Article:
September 18, 2015 feature
Dark matter hiding in stars may cause observable oscillations
(Phys.org)—Dark matter has never been seen directly, but scientists know that something massive is out there due to its gravitational effects on visible matter. One explanation for how such a large amount of mass appears to be right in front of our eyes yet completely invisible by conventional means is that the dark matter is hiding in the centers of stars.
In a new study, physicists have investigated the possibility that large amounts of hidden mass inside stars might be composed of extremely lightweight hypothetical particles called axions, which are a primary dark matter candidate. The scientists, Richard Brito at the University of Lisbon in Portugal; Vitor Cardoso at the University of Lisbon and the Perimeter Institute for Theoretical Physics in Waterloo, Ontario, Canada; and Hirotada Okawa at Kyoto University and Waseda University, both in Japan, have published their paper on dark matter in stars in a recent issue of Physical Review Letters.
"Our work studies how dark matter piles up inside stars if the dark matter is composed of massive bosonic particles (axions are an example of such particles)," Brito told Phys.org. "Our results show that dark matter accretion by stars does not lead to gravitational collapse; instead it may give rise to characteristic vibrations in stars."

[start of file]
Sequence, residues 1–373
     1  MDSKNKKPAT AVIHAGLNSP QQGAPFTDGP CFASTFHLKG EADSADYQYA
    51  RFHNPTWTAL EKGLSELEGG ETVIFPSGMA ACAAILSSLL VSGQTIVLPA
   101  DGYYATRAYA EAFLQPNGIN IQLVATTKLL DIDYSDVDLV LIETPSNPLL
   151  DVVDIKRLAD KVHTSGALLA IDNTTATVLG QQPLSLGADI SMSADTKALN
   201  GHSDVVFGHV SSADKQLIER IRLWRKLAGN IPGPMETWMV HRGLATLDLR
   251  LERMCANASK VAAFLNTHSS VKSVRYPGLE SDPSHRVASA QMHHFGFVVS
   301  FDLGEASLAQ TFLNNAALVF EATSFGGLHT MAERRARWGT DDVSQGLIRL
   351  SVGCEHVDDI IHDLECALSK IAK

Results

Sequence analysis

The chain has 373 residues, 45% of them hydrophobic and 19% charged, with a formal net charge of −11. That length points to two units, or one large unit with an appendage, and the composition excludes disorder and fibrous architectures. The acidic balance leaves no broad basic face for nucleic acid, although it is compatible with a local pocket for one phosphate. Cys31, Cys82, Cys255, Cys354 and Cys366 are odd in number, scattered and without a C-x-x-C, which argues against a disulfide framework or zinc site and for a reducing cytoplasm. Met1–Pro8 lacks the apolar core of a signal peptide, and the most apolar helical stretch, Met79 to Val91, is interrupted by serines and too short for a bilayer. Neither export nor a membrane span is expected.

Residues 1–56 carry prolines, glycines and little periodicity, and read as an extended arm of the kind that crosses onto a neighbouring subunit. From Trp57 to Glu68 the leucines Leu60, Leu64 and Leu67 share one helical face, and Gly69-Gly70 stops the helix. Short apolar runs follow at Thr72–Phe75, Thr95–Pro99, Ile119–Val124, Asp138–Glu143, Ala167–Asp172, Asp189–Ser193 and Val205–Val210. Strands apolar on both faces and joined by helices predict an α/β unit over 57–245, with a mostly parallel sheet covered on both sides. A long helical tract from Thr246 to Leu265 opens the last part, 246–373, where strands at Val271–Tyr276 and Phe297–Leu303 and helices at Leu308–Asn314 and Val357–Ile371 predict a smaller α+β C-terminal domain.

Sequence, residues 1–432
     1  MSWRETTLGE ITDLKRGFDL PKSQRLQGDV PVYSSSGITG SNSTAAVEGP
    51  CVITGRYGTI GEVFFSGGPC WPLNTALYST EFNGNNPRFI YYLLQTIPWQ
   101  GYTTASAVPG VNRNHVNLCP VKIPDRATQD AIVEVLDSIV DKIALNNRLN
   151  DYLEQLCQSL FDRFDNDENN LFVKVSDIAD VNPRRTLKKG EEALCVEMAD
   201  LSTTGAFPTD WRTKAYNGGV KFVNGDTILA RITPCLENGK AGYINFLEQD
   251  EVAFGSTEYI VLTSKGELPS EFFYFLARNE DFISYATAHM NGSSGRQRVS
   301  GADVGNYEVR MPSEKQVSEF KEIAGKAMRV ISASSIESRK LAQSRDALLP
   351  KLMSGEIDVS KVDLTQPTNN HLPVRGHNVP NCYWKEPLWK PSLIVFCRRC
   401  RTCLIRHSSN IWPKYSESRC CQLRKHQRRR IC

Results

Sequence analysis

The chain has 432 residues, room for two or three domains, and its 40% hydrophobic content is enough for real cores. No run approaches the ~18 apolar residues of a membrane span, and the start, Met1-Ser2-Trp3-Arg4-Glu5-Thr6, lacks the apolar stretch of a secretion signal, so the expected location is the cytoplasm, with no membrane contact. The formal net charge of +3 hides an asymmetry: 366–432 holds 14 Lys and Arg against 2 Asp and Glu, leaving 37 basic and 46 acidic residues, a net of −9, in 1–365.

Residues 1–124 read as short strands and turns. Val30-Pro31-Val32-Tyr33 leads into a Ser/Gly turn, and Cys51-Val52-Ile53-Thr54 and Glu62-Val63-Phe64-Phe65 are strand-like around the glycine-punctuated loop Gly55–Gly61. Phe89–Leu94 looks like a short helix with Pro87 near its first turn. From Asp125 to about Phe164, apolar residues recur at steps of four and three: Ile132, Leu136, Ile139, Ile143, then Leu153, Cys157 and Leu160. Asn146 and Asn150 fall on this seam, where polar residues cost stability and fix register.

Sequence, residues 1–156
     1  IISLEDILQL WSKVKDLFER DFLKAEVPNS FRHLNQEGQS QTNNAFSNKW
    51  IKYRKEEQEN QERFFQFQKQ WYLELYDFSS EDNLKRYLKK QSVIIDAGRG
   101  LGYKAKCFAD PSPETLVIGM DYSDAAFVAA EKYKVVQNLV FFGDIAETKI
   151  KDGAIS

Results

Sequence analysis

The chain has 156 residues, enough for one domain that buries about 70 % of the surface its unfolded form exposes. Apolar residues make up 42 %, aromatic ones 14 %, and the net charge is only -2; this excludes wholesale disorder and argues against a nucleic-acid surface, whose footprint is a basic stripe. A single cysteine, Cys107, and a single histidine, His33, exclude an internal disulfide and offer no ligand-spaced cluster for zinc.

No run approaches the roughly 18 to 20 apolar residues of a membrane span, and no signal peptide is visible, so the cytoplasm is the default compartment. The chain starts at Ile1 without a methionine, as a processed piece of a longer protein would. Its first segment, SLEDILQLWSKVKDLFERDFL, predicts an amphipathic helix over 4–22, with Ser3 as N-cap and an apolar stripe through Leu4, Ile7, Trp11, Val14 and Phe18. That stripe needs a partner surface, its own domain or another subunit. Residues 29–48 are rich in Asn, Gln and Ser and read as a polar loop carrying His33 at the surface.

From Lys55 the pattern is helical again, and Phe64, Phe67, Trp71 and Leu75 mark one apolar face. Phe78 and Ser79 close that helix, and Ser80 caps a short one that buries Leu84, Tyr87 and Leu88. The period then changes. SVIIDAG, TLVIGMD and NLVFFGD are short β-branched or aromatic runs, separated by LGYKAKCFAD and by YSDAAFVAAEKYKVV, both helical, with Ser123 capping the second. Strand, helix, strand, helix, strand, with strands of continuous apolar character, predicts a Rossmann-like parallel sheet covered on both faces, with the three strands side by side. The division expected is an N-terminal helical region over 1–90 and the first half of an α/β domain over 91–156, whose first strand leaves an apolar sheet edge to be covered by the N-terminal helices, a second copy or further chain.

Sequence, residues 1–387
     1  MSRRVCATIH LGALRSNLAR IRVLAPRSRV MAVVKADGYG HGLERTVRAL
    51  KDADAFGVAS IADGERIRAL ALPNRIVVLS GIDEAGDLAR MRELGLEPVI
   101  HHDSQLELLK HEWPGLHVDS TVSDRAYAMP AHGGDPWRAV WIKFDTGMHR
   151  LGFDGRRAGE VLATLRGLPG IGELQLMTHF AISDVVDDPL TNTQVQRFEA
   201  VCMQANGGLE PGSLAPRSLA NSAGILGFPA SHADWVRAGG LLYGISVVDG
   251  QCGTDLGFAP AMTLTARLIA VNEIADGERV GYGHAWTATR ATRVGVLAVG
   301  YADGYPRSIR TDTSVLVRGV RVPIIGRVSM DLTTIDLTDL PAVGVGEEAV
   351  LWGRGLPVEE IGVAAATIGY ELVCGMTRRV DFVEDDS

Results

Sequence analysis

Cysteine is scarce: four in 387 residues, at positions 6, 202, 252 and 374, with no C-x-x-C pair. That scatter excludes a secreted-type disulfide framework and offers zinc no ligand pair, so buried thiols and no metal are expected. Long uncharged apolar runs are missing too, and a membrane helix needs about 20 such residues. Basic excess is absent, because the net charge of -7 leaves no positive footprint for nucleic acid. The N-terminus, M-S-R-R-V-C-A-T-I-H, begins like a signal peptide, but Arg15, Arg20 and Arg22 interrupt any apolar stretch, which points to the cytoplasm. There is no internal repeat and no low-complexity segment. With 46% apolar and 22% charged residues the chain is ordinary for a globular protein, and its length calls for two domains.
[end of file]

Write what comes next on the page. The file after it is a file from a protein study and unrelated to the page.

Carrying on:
The researchers theoretically showed that, if numerous axions were to pile up inside normal stars, then the dark matter core would oscillate. The oscillating core would in turn cause the star's fluid to oscillate in tune with it at a specific frequency related to the star's mass, or at multiples of this frequency. For a typical axion mass, the oscillating stars would emit microwave radiation and might have observable effects.
"What oscillates is the fluid density and its pressure, but it's probably correct as well to say that the entire star is oscillating," Brito explained. "These are like sound waves propagating through the fluid, with a very specific frequency. Oscillations of this kind could, for example, lead to variations in the luminosity or in the temperature of the star, and these are quantities that we can measure directly.